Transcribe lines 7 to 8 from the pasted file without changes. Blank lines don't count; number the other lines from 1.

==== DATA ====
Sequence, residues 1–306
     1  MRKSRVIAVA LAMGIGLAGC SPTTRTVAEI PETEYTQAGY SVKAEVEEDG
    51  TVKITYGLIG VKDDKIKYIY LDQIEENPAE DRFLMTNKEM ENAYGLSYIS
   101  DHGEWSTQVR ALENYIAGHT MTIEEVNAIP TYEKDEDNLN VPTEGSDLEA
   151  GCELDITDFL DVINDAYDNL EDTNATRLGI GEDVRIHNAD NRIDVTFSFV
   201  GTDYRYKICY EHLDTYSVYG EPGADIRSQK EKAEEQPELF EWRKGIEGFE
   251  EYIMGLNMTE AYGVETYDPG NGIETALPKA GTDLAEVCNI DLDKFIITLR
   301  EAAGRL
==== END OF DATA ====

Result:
   251  EYIMGLNMTE AYGVETYDPG NGIETALPKA GTDLAEVCNI DLDKFIITLR
   301  EAAGRL